At Universal, Chinese company Perfect World has a long-term co-financing deal with the studio. At the time the deal was made, it marked a first for a Chinese company investing in a studio slate. Perfect World has seen success from that deal with Fifty Shades Darker ($55M cost/$378.8M take), Jason Bourne ($120M cost/$415.4M take) and Girls Trip ($19M cost/$69.2M take).
Legendary is a different story though. “They allowed [Wanda founder] Wang Jianlin to build a company using publicly owned land and then make it private for the betterment of the Chinese people. The problem was that he took the government’s money and then began funneling it outside the country, including the very public purchase of Legendary,” said one China observer.
What we have been told that when Wang purchased Legendary he did so with a “friend and family round” (which was repaid in February). “He is thought of as an honorable man,” added another expert on China, who noted that the Chinese are using him as an example. “The first move (by the Chinese government) was to tell China’s main bank to constrain him.”
How tight are the constraints? What is known is that Legendary execs have not heard from him since all the bad news started flowing out of China.
Wanda needs “to stabilize and reduce their exposure to debt and speak much more softly in terms of such things as driving Disney out of China, buying a Hollywood studio to promote China’s message to the world, etc.,” said USC Professor Stanley Rosen, who specializes in China.
“China is trying to present a benign image of a peaceful rise, but Wang Jianlin is making China seem aggressive and that China’s rise will come at the expense of the U.S., at least in terms of cultural expansion. So the push into Hollywood has been put on hold, too much push-back within China and in the U.S.,” he said.
“From the Hollywood standpoint,” said one producer, “people are realizing the money isn’t coming in, and they are starting to ask, where is the money now? Because they have to feed the beast and it appears money is drying up now.”
Actually, more appropriately, it wasn’t really there to begin with.
For instance, one deal after another promised by Chinese companies have fallen apart, such as Wanda Group’s announced $1B deal with Dick Clark Productions. “Money dealmaking with the Chinese is like walking through a house of mirrors,” said one person involved with the Chinese.
The $100M film Starfall, announced last year in Wanda’s dog-and-pony show at LACMA, is still moving forward, Deadline has been told. It doesn’t hurt that film from Lionsgate, Dede Nickerson (Infinity Pictures) and Di Bonaventura Pictures will be shot at Wanda’s Qingdao Studios, where it will be employing local crews. The film is co-financed by Lionsgate, Wanda and Infinity Pictures, which is a China Media Capital-backed company.
Tang Media had been also snooping around Open Road as well as the Chinese company was looking for a library to acquire and had honed in on the company in the end of May, beginning of June. That deal is now going through.
The H Collective is another company with backing from the Chinese, specifically controversial exec Jian-hua “Kenny” Huang which put this together (HuaHua). They intend to make several projects from Sid Ganis and Nancy Hult Ganis, producer Mark Johnson and the producer team of Joe Roth and Jeff Kirschenbaum. One of those projects will be a yet untitled xXx sequel, the fourth installment of the action film franchise originally created by Revolution Studios. H Collective is still in its infancy and so far there has been no word from about cash flow constraints.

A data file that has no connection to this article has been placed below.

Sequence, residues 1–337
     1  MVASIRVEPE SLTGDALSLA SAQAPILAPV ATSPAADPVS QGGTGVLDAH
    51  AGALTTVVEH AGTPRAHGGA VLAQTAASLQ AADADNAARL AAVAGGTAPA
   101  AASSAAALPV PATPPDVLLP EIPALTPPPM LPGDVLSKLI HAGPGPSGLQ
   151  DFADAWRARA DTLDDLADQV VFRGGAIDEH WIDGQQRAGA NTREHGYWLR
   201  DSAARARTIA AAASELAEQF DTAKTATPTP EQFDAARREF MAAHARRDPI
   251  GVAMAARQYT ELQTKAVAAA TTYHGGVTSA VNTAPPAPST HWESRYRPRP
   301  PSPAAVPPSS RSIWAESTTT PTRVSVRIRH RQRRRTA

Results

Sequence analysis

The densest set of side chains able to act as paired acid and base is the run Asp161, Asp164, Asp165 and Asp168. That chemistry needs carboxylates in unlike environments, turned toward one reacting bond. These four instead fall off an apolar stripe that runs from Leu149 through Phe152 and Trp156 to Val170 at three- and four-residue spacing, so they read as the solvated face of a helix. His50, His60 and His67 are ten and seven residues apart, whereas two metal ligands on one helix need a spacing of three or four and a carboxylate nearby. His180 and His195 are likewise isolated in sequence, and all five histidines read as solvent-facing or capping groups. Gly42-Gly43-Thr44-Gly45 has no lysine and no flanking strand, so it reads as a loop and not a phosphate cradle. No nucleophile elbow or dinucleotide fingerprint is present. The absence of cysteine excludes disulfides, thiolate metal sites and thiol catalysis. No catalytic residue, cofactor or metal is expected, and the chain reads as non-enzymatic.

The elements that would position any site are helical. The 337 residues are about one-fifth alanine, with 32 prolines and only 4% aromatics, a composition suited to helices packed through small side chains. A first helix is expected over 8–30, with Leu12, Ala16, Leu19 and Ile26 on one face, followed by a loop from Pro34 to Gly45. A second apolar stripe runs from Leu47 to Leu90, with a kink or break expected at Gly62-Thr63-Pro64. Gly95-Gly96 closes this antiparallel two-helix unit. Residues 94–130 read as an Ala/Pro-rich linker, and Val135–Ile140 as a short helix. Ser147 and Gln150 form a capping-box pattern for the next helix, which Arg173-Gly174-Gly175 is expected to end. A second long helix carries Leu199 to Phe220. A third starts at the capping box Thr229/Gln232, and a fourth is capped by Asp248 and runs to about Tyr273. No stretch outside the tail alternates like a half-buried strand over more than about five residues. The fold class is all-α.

At Paramount and Viacom, where they are banking on the HuaHua money, they remain under the impression the investment is coming. This, even though Orient Times Media which has a 51% controlling interest in HuaHua Media, just saw its stock price drop 36.7%, according to reports in China. That has brought up some questions about the valuation of HuaHua Media in recent days and also whether HuaHua and Shanghai Films can transfer that much money ($1B) into the U.S. market given the government restrictions. There has been no word on that so far and those with knowledge of the Viacom/Huang talks said that after Transformers: The Last Knight opened in June, no one has really heard from him.
Meanwhile, China remains a vast and growing box office holy grail — and that will keep Hollywood looking for ways to do business there. The United States Trade Representative is currently negotiating hoped-for better terms for the studios in the Middle Kingdom (it remains to be seen whether the Trump administration’s reportedly planned investigation into China’s trade practices will have an impact here).
One positive result of the controlled cash outflow — which some see as a warning from the Chinese powers that be that no company should ever think itself bigger than the Party — may have sort of a grounding effect. China watchers expect far fewer mega-deal announcements, many of which, as noted, weren’t capitalized to begin with. They’ll be “more real,” one person says. In the first six months of 2017, outbound investment dropped 42.9% to $49.4B, China’s Vice Minister of Commerce said earlier this week.
As one China watcher says, “With no alternatives for risk-tolerant investors on the horizon ready to put money into the traditional film studio business model, Hollywood will be forced to take every overture from China seriously.”
Wanda’s troubles doesn’t mean Chinese money is not flowing into Hollywood, as some companies are still funding, but it certainly has become a great source of fear and uncertainty and put others into a state of limbo. Stay tuned.
Nancy Tartaglione contributed to this report.